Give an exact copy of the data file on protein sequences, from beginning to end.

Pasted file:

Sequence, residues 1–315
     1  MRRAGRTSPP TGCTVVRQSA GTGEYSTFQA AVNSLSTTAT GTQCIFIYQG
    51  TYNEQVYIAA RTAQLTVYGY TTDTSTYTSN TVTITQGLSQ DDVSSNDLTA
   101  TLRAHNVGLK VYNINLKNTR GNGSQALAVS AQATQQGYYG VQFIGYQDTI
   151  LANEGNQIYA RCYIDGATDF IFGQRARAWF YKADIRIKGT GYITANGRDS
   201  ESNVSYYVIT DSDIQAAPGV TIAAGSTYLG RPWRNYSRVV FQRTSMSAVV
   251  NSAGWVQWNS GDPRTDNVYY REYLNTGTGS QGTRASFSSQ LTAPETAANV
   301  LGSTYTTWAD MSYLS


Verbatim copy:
Sequence, residues 1–315
     1  MRRAGRTSPP TGCTVVRQSA GTGEYSTFQA AVNSLSTTAT GTQCIFIYQG
    51  TYNEQVYIAA RTAQLTVYGY TTDTSTYTSN TVTITQGLSQ DDVSSNDLTA
   101  TLRAHNVGLK VYNINLKNTR GNGSQALAVS AQATQQGYYG VQFIGYQDTI
   151  LANEGNQIYA RCYIDGATDF IFGQRARAWF YKADIRIKGT GYITANGRDS
   201  ESNVSYYVIT DSDIQAAPGV TIAAGSTYLG RPWRNYSRVV FQRTSMSAVV
   251  NSAGWVQWNS GDPRTDNVYY REYLNTGTGS QGTRASFSSQ LTAPETAANV
   301  LGSTYTTWAD MSYLS